A workers’ comp clinic may treat injuries in the following areas:

  • Shoulders
  • Knees
  • Wrists
  • Hands
  • Arms
  • Elbows

Conditions you may develop include common workplace injuries like carpal tunnel syndrome, tendonitis, back strains, tennis elbow, trigger finger, and shin splints. In addition to chronic, painful conditions, you may also experience stress fractures, nerve compression, bursitis, and herniated discs.

Some common causes of repetitive motion injuries include poor posture, computer use, work with vibrating tools, and cold weather work.

Neck Injuries

Workplace Neck Injury

Neck injuries include any condition that affects your neck. This includes injuries that affect the tendons, nerves, ligaments, bones, and muscles. Neck pain may spread through your shoulder, head, or arms when you have a neck injury.

A muscle strain may occur due to overuse or sitting in one position for too long. Falls can also cause muscle strain.

Back Injuries

Back Injuries from Workplace

Working with a workers’ compensation chiropractor can help alleviate pain from work-related back injuries. Back injuries may occur due to slip-and-fall accidents, lifting heavy equipment, or objects or being struck with an object or machinery.

Back pain that persists for several weeks or does not improve with rest requires medical care. Some back injuries may cause weakness, numbness or pain that spreads down the legs.

Common back injuries include muscle and ligament strains and ruptured disks. A ruptured disk may occur when the soft material inside the disk ruptures or bulges and presses on the nerve after an accident.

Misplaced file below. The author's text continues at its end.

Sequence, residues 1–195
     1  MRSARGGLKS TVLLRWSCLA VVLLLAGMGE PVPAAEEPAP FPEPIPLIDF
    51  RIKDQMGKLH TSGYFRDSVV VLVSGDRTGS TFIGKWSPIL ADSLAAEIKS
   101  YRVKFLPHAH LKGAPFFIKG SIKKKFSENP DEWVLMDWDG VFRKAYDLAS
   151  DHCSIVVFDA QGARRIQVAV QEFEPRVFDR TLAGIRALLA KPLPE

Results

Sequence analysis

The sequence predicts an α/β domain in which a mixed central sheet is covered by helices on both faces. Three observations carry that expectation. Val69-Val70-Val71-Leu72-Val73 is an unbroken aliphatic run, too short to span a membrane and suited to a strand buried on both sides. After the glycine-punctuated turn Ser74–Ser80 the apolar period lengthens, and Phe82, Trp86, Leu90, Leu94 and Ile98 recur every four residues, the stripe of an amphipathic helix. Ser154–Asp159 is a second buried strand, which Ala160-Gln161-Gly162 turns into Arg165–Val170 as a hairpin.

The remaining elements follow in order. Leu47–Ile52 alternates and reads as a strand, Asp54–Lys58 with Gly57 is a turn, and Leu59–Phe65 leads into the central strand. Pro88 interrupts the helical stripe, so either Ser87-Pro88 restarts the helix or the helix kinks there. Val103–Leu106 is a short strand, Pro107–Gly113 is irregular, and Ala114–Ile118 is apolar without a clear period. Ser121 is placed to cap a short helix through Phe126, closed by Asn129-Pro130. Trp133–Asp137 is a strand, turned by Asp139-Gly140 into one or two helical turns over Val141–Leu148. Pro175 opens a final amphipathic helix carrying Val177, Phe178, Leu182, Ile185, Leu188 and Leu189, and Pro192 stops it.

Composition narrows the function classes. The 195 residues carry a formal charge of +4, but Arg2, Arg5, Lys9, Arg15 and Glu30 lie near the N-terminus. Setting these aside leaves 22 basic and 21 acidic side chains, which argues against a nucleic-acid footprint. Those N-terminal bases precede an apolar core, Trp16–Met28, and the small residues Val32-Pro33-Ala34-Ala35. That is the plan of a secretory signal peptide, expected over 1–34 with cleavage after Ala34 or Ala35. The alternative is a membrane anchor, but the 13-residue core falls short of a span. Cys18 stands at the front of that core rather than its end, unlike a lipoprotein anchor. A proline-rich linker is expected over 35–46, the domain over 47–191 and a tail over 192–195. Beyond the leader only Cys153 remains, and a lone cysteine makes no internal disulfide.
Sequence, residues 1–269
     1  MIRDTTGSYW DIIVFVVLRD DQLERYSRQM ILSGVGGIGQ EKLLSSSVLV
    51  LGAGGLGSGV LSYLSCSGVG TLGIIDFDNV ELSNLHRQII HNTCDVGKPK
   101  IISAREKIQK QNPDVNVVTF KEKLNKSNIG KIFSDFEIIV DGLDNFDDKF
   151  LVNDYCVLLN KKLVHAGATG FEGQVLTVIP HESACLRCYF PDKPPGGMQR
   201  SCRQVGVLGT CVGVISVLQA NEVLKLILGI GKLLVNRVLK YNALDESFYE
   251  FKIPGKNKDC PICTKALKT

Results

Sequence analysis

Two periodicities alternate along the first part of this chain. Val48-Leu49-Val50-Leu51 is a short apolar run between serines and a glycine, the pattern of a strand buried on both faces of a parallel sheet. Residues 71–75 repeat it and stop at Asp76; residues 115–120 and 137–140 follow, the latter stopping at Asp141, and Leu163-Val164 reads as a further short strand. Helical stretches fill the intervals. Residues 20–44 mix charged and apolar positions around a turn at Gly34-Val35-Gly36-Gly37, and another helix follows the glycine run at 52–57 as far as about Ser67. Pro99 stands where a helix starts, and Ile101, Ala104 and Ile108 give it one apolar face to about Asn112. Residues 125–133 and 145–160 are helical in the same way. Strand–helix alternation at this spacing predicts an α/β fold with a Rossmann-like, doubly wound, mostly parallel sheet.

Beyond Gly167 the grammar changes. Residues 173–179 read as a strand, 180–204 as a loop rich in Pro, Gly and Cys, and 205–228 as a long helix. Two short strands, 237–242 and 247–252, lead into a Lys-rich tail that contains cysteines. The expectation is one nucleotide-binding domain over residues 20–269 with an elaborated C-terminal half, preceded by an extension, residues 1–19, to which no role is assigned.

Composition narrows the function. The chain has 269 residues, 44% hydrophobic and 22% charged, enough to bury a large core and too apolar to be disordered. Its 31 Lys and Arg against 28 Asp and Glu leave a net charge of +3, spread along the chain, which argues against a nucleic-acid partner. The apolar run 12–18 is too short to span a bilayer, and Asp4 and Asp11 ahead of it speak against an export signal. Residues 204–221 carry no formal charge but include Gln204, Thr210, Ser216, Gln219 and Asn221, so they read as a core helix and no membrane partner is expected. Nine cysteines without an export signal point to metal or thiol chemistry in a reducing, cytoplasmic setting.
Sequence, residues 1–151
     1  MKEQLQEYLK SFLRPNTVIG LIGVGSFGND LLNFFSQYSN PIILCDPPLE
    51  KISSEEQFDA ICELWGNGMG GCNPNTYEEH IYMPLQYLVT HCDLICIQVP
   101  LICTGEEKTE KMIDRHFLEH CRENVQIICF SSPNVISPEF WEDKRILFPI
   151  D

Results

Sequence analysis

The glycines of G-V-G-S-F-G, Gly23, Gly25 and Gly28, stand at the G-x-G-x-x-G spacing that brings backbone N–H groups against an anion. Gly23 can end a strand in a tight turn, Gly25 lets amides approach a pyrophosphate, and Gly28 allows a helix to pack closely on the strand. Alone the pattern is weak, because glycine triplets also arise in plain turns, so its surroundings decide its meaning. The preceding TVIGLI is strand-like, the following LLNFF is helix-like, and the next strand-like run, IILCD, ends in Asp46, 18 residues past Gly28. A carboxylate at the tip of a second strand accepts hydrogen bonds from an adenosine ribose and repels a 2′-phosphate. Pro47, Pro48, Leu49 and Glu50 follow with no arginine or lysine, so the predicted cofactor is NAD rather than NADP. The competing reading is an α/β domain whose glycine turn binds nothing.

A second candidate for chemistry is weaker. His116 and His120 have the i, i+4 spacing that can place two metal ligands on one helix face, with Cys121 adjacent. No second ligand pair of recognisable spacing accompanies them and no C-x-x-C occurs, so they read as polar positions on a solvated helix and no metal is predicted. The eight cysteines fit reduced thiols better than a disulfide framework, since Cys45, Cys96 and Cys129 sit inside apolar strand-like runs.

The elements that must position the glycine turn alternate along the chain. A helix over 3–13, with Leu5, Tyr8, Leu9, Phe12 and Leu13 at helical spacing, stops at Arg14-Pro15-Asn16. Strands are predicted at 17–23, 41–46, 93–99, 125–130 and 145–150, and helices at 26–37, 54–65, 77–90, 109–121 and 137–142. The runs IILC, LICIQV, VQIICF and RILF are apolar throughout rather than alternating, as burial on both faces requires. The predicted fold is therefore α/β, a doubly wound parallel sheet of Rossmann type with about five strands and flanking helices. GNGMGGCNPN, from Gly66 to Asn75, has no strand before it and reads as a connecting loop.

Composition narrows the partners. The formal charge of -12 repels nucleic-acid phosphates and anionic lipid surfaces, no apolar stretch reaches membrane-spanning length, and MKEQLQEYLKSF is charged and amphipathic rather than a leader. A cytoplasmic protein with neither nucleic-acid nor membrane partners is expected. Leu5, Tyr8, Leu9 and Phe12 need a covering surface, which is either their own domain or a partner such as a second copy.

What Can an Injured Worker Expect During a Chiropractic Care Visit?

What Can an Injured Worker Expect During a Chiropractic Care Visit

To combat any anxiety you may have before your chiropractic visit, it helps to know what to expect. Generally, your first appointment will involve an initial consultation, assessment, development of a treatment schedule, and often some spinal adjustments.

Assessment

During the workers’ comp clinic assessment, expect to undergo a physical examination. Many chiropractors can use a physical exam to diagnose or confirm any injuries. You may require an x-ray, magnetic resonance imaging (MRI) scan or other imaging scans in some cases.

The chiropractor may also ask you a series of questions. He or she will need to ask you about your medical history, your current injuries, and care for the work-related injuries. The practitioner may also ask questions about your current job. 

Chiropractic Adjustment

During the adjustment, the workers’ compensation chiropractor may ask you to lay down or maneuver into specific positions so he or she can treat your injury or affected area. Most of the time, patients lay face down on a padded table.

The treating physician uses his or her hands to apply force to joints or push joints past their usual range of motion to correct any spinal misalignment. Practitioners may also use tools to perform spinal adjustment treatment. The adjustments realign your joints or cause spinal decompression to increase your range of motion or decrease pain.

Finding a Workers’ Compensation Chiropractor

Finding a Workers Compensation Chiropractor

At Accident Help Zone, we care about your well-being following a work-related accident. You deserve individualized medical treatment from a licensed chiropractor. Check us out to learn more about how we can help match you with an appropriate doctor to provide chiropractic treatment. Doctors accept workers’ compensation insurance, no-fault, and other insurance carrier plans.

Accident Help Zone is a free directory to search for qualified and local practitioners. If you suffered a workplace injury, call us today to find experienced workers’ compensation doctors near you.